Let’s face it: divorce is a very stressful process. Many men choose to deal with that stress by going out and dating. Needless to say, dating during a divorce is not the wisest of choices. While you may think this is a great way to move on from the immense amounts of grief and anger you are experiencing, it’s a behavior that can cause damage to your court case.
The old saying is true: “marry in haste, repent at leisure.” Numerous research studies have looked into the success rate of relationships that begin during a divorce, and few of them last. A rebound relationship is probably not your ticket to happiness during a divorce.
Why specifically is this not a good idea?
If custody or financial issues are still being resolved, the court is going to question why you’re in such a hurry to move on. If your ex is fighting hard in court, and you’re already hitting the dating trail, it looks bad, as if one spouse is taking things seriously and the other is not.
In the state of Georgia, there are 13 grounds for divorce. By law, one of those grounds is irreconcilable differences. If one party feels the marriage is “irretrievably broken”, then they can file for divorce. This is considered a “no-fault” divorce.
Georgia also allows for a “fault” divorce, thus accounting for the other 12 grounds. These are all reasons that allow one spouse to claim that the other caused, or is “at fault” for, the breakup of the marriage. Adultery is one of those reasons.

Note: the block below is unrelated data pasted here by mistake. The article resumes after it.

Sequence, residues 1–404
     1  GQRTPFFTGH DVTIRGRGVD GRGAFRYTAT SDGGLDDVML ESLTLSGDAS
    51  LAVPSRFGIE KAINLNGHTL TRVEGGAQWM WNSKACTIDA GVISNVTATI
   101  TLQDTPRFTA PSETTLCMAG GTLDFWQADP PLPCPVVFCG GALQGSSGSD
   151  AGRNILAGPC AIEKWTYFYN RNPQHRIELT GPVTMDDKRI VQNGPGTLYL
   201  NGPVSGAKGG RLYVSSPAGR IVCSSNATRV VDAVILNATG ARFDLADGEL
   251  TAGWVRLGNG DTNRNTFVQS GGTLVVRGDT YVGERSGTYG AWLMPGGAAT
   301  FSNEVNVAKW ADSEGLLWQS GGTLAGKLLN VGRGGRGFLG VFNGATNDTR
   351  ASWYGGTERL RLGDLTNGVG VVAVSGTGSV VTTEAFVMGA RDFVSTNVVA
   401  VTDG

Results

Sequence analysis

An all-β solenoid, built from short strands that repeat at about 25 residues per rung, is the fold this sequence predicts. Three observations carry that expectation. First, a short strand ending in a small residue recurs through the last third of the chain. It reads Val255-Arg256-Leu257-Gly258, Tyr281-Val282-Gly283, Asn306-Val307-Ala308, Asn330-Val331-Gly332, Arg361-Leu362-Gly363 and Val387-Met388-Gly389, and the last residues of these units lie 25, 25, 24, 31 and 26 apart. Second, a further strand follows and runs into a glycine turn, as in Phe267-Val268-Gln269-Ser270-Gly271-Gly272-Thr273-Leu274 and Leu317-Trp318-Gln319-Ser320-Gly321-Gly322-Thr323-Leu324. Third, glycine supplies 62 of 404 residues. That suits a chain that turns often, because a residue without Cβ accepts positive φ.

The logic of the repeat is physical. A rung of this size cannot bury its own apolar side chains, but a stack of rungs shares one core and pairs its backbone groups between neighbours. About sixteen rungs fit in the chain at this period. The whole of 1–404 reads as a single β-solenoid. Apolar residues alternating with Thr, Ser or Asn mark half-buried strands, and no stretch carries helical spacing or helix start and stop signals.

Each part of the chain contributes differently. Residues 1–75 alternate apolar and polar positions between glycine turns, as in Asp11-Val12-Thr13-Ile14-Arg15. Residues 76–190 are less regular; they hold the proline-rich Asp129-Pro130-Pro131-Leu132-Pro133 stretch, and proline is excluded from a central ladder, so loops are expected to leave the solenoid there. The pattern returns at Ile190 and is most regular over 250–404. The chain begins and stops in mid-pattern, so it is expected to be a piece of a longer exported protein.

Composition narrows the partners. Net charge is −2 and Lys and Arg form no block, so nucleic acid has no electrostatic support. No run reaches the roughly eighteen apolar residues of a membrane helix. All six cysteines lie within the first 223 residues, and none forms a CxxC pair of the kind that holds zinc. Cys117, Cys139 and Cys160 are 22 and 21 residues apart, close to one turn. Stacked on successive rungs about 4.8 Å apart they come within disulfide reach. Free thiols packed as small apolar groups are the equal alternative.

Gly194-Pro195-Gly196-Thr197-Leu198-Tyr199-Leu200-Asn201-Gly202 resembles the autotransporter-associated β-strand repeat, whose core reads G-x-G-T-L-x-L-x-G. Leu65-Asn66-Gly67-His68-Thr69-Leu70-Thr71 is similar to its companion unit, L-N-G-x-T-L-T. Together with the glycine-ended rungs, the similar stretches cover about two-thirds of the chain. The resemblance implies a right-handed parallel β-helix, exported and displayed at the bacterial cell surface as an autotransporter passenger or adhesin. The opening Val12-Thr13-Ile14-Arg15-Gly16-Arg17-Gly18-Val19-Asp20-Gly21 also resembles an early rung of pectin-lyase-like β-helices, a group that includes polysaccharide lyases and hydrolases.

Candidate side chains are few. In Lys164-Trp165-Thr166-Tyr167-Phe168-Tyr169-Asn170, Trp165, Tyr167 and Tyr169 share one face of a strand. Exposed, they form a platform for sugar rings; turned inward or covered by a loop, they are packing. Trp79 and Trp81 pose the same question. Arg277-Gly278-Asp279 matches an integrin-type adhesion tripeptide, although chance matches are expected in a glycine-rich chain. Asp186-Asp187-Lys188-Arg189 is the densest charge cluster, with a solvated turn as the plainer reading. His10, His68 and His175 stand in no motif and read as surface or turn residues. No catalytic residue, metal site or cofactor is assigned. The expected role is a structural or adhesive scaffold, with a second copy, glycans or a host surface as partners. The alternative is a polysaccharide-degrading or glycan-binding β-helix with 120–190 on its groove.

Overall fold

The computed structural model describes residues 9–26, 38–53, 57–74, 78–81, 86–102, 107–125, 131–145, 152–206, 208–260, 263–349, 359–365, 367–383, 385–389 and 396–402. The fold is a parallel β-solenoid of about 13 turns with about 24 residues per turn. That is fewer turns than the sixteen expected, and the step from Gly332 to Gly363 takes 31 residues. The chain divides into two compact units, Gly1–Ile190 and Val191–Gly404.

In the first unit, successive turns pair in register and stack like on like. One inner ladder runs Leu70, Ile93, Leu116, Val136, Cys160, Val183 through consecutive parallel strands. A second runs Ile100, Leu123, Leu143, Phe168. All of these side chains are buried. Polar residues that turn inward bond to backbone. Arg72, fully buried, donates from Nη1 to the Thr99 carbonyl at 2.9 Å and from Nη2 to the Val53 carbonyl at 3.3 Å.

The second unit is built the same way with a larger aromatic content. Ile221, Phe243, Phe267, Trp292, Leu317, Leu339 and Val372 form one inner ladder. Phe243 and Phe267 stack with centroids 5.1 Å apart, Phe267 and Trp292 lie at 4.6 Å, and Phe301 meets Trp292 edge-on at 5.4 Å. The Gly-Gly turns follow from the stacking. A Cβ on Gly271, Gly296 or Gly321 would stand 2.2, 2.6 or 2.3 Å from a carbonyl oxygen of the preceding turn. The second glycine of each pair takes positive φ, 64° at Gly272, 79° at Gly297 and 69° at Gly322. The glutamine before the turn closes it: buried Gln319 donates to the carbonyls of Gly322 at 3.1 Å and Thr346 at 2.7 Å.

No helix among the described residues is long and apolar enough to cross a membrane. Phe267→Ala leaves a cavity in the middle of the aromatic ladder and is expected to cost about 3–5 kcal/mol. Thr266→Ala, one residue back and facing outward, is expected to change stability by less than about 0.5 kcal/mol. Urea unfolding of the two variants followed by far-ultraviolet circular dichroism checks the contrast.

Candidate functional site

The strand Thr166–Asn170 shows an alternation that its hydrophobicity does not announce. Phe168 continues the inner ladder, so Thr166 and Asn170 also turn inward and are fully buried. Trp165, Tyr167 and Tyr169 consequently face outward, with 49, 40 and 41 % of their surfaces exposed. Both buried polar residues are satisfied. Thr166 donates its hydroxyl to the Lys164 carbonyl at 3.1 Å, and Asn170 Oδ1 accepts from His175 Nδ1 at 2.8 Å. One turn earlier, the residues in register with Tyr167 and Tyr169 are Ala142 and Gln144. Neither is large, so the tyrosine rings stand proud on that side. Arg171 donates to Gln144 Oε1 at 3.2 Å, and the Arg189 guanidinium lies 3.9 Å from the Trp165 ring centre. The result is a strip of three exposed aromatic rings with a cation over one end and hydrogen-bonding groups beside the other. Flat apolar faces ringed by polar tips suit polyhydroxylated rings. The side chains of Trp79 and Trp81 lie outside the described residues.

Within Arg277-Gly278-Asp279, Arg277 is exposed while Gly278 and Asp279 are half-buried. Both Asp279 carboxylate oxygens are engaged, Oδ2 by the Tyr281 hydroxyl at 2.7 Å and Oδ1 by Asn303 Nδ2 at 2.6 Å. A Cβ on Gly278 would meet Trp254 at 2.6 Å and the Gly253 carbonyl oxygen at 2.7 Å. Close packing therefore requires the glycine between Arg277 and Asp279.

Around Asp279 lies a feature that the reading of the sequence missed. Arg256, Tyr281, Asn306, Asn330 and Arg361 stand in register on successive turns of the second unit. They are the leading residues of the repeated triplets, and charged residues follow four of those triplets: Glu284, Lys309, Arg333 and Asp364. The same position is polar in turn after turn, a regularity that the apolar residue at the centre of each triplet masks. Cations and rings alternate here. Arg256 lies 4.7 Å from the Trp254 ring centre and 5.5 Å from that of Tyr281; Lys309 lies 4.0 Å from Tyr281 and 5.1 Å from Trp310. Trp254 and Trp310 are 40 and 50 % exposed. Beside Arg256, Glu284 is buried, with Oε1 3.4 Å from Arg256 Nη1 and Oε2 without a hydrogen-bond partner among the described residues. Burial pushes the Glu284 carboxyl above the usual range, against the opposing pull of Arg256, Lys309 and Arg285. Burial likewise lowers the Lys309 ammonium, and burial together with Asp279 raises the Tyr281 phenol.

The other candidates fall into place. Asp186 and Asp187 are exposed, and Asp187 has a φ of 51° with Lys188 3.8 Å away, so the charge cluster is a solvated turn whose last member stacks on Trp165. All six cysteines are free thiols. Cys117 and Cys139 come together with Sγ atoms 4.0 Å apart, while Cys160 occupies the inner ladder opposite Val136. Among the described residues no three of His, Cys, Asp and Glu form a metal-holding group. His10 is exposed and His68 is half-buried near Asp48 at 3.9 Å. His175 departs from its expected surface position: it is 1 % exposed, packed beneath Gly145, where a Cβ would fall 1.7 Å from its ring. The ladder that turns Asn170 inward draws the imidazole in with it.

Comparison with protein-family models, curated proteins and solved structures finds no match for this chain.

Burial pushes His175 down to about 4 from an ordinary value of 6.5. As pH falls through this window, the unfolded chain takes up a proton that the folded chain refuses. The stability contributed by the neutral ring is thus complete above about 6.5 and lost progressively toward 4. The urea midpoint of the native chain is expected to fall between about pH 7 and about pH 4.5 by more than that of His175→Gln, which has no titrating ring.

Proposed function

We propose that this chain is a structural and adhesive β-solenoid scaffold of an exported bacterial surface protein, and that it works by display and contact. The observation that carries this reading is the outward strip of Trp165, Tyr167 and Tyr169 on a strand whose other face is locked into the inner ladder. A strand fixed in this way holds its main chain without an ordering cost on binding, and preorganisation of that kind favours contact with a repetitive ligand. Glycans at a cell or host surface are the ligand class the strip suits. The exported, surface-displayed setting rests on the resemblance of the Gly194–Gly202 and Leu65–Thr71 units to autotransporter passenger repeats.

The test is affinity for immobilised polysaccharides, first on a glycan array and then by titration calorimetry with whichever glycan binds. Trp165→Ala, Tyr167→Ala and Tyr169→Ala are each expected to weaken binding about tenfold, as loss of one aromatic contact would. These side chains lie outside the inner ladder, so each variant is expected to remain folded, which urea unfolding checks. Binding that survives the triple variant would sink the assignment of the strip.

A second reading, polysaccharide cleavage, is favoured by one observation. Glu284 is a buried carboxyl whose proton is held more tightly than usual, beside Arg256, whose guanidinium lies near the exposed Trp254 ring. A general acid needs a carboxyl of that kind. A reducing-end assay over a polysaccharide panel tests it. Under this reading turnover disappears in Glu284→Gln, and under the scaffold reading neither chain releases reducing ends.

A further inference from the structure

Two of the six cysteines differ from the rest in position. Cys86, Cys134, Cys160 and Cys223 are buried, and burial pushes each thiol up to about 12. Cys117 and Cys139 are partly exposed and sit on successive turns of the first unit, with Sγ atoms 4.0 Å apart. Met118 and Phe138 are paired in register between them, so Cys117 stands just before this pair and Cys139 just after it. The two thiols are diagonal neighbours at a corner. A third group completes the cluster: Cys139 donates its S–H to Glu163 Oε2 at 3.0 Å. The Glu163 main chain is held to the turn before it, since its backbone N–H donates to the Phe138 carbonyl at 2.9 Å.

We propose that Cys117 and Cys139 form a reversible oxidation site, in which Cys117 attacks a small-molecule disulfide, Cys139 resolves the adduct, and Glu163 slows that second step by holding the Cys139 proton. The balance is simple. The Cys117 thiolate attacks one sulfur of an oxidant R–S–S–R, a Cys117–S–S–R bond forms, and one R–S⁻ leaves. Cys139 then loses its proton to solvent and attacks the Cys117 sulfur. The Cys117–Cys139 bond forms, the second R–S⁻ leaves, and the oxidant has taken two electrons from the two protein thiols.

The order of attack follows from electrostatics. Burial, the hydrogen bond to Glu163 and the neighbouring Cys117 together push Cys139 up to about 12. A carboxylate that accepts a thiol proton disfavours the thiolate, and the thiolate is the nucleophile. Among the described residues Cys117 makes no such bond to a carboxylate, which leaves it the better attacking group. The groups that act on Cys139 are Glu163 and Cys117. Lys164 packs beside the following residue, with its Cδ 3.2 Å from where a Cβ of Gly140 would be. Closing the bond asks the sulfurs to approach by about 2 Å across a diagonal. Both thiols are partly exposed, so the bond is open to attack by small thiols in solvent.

Imagine a spouse that finds out you are sleeping with someone before the divorce is finalized. You better believe it will be brought up in court. By accusing you of a “fault” divorce, it opens up the door for her to potentially take you to the cleaners.
You may feel that beginning to date again is a signal that you have moved on, that you have left your old marriage behind. That might not be true. A general rule of thumb is that it takes about a year to process all the changes that take place during a divorce.
Address changes, having to tell your side of the story to friends and family, and the feeling that you are older and yet single again, are just some of the significant mental and emotional changes that accompany divorce. Just because you are ready for a divorce doesn’t necessarily mean that you’ve processed this major life change. You might not be ready to fully move on, so jumping into another relationship might not allow you the space to catch your breath.
Your kids are already going to have a tough time processing that their parents relationship is over without you bringing another partner into the mix. Especially if you decide to make it a live-in relationship, when that relationship ends, the children will be left holding the bag yet again. Many counselors warn that children who see relationships continually ending learn a lesson that it’s not safe to be in a close relationship.
What message are you sending to your children when you are willing to start a new relationship so quickly before the ink is dry on your divorce agreement?
It’s in your best interest to slow down and devote your mental and financial resources to maximizing the outcome in your divorce settlement. You certainly don’t want to engage in behavior that makes it difficult for your attorney to represent you well in court.
If you need advice for your divorce case, Family Matters Law Group stands ready to hear your story and fight for you. We are selective about the cases we take because we believe in our clients and fight hard for them. If you are in Henry, Clayton, or Fayette counties, or live in the Atlanta metro area, contact us online or by phone for an initial consultation.